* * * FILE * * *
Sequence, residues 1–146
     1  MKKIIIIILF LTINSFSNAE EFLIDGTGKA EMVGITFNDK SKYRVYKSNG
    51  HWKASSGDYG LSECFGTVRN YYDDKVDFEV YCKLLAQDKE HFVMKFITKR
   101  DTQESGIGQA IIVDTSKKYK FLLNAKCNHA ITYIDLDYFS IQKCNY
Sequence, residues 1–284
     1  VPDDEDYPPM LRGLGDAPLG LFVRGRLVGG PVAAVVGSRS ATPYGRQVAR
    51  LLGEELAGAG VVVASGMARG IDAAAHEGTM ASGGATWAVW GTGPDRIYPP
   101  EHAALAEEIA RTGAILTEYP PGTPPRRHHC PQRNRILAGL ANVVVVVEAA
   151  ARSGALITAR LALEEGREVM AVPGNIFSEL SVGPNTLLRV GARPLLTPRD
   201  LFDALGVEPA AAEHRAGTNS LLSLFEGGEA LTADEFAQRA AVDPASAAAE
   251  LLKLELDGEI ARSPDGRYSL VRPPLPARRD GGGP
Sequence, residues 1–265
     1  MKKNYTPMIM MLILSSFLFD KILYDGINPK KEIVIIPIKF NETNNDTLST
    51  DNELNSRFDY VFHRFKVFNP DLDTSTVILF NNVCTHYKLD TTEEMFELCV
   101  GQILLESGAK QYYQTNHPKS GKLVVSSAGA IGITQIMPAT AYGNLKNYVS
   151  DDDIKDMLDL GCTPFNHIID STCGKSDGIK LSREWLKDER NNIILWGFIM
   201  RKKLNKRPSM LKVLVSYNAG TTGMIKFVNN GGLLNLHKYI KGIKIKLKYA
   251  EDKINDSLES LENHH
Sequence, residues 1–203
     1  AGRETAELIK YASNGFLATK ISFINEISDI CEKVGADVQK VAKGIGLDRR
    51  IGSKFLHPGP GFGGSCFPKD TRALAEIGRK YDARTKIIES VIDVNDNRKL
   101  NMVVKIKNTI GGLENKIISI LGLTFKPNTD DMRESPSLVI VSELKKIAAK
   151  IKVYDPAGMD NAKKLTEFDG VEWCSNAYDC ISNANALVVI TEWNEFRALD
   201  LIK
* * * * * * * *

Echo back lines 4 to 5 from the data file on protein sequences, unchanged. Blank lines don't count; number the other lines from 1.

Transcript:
   101  DTQESGIGQA IIVDTSKKYK FLLNAKCNHA ITYIDLDYFS IQKCNY
Sequence, residues 1–284